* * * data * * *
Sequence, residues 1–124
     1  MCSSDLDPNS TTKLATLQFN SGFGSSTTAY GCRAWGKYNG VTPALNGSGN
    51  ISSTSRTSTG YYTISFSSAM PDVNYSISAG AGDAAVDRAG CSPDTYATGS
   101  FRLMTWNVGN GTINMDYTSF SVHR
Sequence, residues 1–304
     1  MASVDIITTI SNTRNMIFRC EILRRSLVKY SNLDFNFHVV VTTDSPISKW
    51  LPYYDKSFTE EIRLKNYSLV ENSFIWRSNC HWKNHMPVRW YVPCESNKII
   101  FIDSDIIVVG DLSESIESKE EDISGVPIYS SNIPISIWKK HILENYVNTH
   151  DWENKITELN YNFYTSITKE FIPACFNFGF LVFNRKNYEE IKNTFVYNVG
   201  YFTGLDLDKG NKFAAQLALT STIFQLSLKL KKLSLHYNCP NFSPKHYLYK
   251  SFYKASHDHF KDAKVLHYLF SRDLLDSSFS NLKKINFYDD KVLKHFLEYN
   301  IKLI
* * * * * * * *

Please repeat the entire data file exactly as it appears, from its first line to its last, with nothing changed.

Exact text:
Sequence, residues 1–124
     1  MCSSDLDPNS TTKLATLQFN SGFGSSTTAY GCRAWGKYNG VTPALNGSGN
    51  ISSTSRTSTG YYTISFSSAM PDVNYSISAG AGDAAVDRAG CSPDTYATGS
   101  FRLMTWNVGN GTINMDYTSF SVHR
Sequence, residues 1–304
     1  MASVDIITTI SNTRNMIFRC EILRRSLVKY SNLDFNFHVV VTTDSPISKW
    51  LPYYDKSFTE EIRLKNYSLV ENSFIWRSNC HWKNHMPVRW YVPCESNKII
   101  FIDSDIIVVG DLSESIESKE EDISGVPIYS SNIPISIWKK HILENYVNTH
   151  DWENKITELN YNFYTSITKE FIPACFNFGF LVFNRKNYEE IKNTFVYNVG
   201  YFTGLDLDKG NKFAAQLALT STIFQLSLKL KKLSLHYNCP NFSPKHYLYK
   251  SFYKASHDHF KDAKVLHYLF SRDLLDSSFS NLKKINFYDD KVLKHFLEYN
   301  IKLI